INK studio is proud to announce its exclusive representation of the pivotal new series of monochrome paintings by internationally renowned artist Li Jin. Inaugurating a new phase his career, these paintings will be revealed in the upcoming exhibition, Li Jin: Being, which will open on May 28, 2016. The exhibition is curated by Artistic Director Britta Erickson, who for years has been discussing with the artist the possibilities of pure ink.
The easily recognizable paintings of Li Jin's (b. 1958, Tianjin) middle period present scenes of consumption and sexual intimacy, filled with images of food and quirky figures reveling in the pleasures of the flesh. The color and subject matter are so beguiling that the brushwork can go unnoticed. Now, having explored the subtleties of color washes for two decades, Li Jin has translated them into a masterful and yet free-spirited control of what is traditionally called the "five colors of ink." It is as if he has constantly honed his brushwork behind a veil of color and humor, and now finally lifts the veil for us to appreciate the results.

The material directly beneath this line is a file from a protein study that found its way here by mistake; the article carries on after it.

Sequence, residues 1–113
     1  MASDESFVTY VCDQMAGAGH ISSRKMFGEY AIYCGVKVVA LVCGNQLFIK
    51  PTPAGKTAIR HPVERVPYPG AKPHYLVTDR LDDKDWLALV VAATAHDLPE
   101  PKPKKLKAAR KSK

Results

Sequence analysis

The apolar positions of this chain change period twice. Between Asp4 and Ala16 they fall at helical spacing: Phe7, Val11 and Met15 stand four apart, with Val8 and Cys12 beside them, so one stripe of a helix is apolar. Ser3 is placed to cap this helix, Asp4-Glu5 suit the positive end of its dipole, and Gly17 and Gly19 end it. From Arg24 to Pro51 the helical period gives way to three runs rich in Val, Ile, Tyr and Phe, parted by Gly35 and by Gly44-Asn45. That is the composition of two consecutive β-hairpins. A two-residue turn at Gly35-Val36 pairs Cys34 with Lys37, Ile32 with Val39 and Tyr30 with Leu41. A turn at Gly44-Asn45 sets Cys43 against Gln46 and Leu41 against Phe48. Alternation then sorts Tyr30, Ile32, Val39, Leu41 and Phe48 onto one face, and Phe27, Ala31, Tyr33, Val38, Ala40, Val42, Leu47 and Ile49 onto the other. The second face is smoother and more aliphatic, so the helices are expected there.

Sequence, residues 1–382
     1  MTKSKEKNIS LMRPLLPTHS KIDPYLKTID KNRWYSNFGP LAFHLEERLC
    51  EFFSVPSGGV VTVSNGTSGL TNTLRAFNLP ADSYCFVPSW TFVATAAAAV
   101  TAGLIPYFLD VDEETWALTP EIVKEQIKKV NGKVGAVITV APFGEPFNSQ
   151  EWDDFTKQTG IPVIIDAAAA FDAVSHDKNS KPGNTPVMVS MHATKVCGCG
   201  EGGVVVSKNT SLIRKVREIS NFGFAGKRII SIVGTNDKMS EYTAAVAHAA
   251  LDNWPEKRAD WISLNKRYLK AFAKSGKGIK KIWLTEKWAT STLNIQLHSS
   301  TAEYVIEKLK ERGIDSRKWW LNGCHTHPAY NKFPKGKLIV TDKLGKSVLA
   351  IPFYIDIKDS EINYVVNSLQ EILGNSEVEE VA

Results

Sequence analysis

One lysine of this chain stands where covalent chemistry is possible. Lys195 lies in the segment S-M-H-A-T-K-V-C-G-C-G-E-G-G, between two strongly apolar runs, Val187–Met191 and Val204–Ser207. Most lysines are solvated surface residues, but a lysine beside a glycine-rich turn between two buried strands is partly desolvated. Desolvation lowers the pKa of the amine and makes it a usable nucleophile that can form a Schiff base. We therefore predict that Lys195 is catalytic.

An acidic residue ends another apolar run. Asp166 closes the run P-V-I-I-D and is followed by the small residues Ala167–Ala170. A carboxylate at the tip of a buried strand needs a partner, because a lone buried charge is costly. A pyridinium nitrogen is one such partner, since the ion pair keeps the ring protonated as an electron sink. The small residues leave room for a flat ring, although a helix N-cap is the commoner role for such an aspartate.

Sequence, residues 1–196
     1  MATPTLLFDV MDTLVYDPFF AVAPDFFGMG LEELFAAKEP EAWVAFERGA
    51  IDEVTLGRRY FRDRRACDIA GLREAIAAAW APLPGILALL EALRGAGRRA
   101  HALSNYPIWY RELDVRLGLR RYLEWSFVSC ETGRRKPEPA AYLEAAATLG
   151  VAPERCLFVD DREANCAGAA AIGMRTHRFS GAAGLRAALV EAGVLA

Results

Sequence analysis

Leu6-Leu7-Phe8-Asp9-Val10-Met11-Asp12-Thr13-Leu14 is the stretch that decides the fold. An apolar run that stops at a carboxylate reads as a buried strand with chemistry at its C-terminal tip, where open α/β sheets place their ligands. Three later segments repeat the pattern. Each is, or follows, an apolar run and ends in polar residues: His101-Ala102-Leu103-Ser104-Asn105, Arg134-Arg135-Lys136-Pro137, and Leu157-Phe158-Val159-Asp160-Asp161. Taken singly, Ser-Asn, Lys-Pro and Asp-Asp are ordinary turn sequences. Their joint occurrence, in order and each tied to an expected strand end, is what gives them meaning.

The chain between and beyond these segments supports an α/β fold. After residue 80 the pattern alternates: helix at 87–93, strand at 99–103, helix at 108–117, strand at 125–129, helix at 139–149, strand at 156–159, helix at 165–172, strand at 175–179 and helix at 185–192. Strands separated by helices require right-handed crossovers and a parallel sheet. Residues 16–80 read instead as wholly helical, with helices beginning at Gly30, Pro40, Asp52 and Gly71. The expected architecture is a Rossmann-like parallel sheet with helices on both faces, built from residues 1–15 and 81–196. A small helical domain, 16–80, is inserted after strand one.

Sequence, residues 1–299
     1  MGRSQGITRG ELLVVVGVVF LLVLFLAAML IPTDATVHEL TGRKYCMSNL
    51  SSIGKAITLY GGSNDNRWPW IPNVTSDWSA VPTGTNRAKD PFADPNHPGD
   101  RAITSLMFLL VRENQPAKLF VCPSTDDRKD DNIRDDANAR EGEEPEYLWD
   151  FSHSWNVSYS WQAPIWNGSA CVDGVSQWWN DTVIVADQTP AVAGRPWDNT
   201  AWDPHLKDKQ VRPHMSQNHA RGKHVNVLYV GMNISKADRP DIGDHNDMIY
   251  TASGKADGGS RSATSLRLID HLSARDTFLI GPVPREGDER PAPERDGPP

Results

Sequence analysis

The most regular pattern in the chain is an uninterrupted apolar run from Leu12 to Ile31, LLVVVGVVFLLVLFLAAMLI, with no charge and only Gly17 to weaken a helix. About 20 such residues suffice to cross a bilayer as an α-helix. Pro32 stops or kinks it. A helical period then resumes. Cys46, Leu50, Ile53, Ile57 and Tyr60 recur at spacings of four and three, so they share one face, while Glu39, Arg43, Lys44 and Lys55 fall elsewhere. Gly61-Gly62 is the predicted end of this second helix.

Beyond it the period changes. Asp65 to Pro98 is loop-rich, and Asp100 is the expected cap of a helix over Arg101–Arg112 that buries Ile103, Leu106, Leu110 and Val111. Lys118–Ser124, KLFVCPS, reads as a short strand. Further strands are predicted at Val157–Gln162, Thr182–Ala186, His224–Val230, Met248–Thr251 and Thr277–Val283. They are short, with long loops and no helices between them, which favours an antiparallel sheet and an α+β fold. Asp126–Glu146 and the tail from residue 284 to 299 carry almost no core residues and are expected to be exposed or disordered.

Li Jin painted the new monochrome series on an immersive scale, working both on the floor and on the wall. Made in large expressive gestures with specially made brushes, the paintings recall the xieyi and "splashed-ink" manners of traditional masters like Liang Kai, Xu Wei, and Bada Shanren. Fully embracing the self-portrait, Li Jin harkens back to the very origins of the aesthetics of Chinese painting—portraiture of moral paragons and extraordinary persons such as the Seven Sages of the Bamboo Grove. Here his quasi-autobiographical figures are no longer contemporary merrymakers, but resemble ascetics and spiritual adepts of a timeless past. Vegetables and cuts of meat, too, gain personalities and moods of their own as independent subjects rendered much larger than life.
The new series occupies INK studio's first floor galleries. On the third floor, we present his rarely-seen paintings from the 1980's and 1990's, when he was a young wanderer and sojourner in Tibet in search of an authentic and primal connection to nature. Pulsating with the intensity and fragility of life that he experienced there, the Tibet-period works relate strikingly to his new series, which itself represents another return to a pure and unencumbered state of creativity. Seeing both together, one gains a holistic view of Li Jin as artist and thinker, with all his desires, ambitions, pleasures, and fears—of Li Jin in the entirety of his being.